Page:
I headed back into town, about ten minutes up the road from where I was going to take the shot hoping to find an electronics store. No luck. When you're out in these small mountain towns, you're really out there. There is no Best Buy, there is no Walmart (probably for the best). You really need to make sure you have everything you need, because otherwise, you're on your own. I managed to find what amounted to a cell-phone store that didn't have the proper charger for a 5D III battery, but did have a sketchy all-in-one charger that the guy convinced me to buy for $20. I got back to the Renegade, plugged it in, and hoped for the best. Success! It read the battery type and began charging immediately. I felt relieved, and drove up the road a bit to let it charge. After a few minutes, however, my relief turned to fury as the screen on the charger went dead and the battery itself completely died. I just drove an entire morning to get here, and this piece of garbage charger sucked whatever life was left out of my battery! Fuck!! I wanted to go back to the store and murder that salesman's face, but knew it wouldn't have done me any good. After swallowing a lifetime's worth of rage, I headed back up the road and parked on the top of the hill where I planned on shooting the scene. I still had one shot left on my film camera (120 film is great for landscapes) and I had my half-shattered iPhone 6 as well. Not a total loss. I got lucky and the Gods stopped shitting on me long enough to snap a few shots of the incredible evening light before it disappeared behind the mountains. The shot from my iPhone can be seen at the top of this entry, and was at the height of probably the most amazing atmospheric haze I've ever witnessed. I took a shot with my film camera just after the sun dropped below the horizon, hoping to get alpenglow but with no luck.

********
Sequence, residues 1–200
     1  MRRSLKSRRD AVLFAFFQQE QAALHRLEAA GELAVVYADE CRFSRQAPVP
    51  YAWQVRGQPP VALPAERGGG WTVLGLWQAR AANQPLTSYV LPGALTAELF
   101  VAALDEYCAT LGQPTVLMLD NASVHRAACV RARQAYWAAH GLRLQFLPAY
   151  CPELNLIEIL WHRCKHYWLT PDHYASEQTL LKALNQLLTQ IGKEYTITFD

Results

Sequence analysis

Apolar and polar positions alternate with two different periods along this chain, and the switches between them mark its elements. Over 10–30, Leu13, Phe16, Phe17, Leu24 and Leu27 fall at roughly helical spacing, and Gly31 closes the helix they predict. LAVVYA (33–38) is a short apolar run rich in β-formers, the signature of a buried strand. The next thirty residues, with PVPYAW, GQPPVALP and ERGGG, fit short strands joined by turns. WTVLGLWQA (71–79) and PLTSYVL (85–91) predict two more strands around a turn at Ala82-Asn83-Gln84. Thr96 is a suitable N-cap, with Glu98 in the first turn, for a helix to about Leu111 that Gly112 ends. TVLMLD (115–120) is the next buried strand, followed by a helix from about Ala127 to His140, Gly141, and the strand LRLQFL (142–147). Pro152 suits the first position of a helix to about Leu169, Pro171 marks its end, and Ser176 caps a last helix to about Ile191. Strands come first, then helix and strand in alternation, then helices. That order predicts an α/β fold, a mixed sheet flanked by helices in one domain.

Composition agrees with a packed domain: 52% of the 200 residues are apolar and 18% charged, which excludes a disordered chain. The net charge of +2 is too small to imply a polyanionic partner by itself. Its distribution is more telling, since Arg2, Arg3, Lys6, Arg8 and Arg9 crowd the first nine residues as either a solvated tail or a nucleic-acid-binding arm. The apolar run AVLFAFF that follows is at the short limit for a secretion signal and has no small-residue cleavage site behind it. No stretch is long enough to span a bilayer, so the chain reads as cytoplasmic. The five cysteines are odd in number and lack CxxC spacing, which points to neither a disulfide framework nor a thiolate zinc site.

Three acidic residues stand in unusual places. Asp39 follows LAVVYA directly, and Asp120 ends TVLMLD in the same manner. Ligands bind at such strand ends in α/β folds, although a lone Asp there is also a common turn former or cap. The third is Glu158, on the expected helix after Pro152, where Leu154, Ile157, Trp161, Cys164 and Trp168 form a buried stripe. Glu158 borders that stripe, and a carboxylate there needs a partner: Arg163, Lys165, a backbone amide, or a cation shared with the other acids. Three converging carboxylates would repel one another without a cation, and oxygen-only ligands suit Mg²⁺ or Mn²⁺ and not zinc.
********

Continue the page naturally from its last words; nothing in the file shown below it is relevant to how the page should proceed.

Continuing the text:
What a scene. I'm a big fan of roads, and so far this is my favorite one. We'll see what the future holds, but I doubt any will be able to top this. It's a shame that my Mark III/70-200mm weren't around to see it.